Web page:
This is perhaps the most popular demand that is made of history: it should prove its social utility, it should take its obligation of “political pedagogy” (Th. Mommsen) seriously and convey “lessons” from the past. Those who make this argument often point out that the representatives of the historical science are, after all, also supported by taxpayers’ money. In this sense the Germanist Peter Wapnewski hopes that history will be useful “as the substructure of the present . . . as a chance to understand the present from the past and to surmise the future: if it can be that, history is the most honorable defense against the seduction through sloganlike illusions and penetrating ideologies, against the suggestive force of the terrible promise of salvation.” The writer Hermann
Glaser adds that such an understanding of history “would be particularly welcome at this time.”
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An almost universal popular opinion demands not only that the present take its orientation from the past, but also that history take its orientation from the present: “The only way to do history meaningfully is to analyze it in order to learn from it for taking action today.”
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Even historians themselves for the most part agree, often tacitly, that the discipline of history, by throwing light on the past, should also illuminate the present. We are told that historians of the modern period, in particular, must not dodge “the obligation to find an explanation and to prevent a repetition of what has happened, an obligation which National Socialism has imposed on the German people before the entire world.”
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In the honorable quarrel over the function of history—from Cicero’s phrase “historia magistra vitae” to Nietzsche’s reflections “On the Advantages and Disadvantages of History for Life” to Jean Jaurès’s call to take from history not only the ashes but also the fire—this argument amounts to a revival of the pedagogically inspired position of Enlightenment historiography. Ranke’s demand that events “should be recounted for the most objective possible examination with no regard for the likes or dislikes of the day,” which stands at the beginning of modern historiography, was formulated at the time as an antithesis to this Enlightenment position.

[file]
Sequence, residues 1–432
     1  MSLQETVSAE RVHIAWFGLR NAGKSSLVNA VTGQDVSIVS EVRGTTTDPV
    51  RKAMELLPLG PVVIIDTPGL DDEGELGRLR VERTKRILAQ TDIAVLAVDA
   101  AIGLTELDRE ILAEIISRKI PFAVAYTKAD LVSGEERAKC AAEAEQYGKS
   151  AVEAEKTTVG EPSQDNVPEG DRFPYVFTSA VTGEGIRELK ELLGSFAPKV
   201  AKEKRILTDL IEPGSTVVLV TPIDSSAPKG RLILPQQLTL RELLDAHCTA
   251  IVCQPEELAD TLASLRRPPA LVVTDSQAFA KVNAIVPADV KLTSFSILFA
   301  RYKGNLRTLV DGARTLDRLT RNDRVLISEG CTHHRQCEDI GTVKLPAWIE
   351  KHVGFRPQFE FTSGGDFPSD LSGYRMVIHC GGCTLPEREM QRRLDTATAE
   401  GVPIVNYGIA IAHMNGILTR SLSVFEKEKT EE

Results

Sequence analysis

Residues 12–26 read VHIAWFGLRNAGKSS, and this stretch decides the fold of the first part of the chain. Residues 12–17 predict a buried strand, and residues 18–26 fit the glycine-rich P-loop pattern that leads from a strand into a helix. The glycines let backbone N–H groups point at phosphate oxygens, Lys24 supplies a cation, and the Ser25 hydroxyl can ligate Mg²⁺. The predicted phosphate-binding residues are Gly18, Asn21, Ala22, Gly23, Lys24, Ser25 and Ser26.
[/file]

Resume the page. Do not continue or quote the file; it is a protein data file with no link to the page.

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Current opinion, however, seeks neither to worship an unbroken Enlightenment optimism, “to teach the world for the benefit of future years,” nor to identify with Ranke’s naive confidence that it is indeed possible to show “how it actually was.” The philosophical foundation of German post-Kantian idealism, which forms the basis also of the Marxist variations on the philosophy of history, no longer holds up. Of course, that is recognized more clearly outside Germany. At the same time Ranke’s ideal of objectivity, in spite of being reformulated by Max Weber’s “freedom from values,” has been frequently attacked, in part “unmasked” as a bourgeois front for concrete interests, in part smiled at as mistaken by those who are sure of their mission and subjectivity. Most scholars, however, seek to combine “objectivity,” on the one hand, with “usefulness for the present,” on the other. There is a desire to recognize and utilize, in the words of Jürgen Habermas, the “historian’s interests in understanding action-guiding self-conception”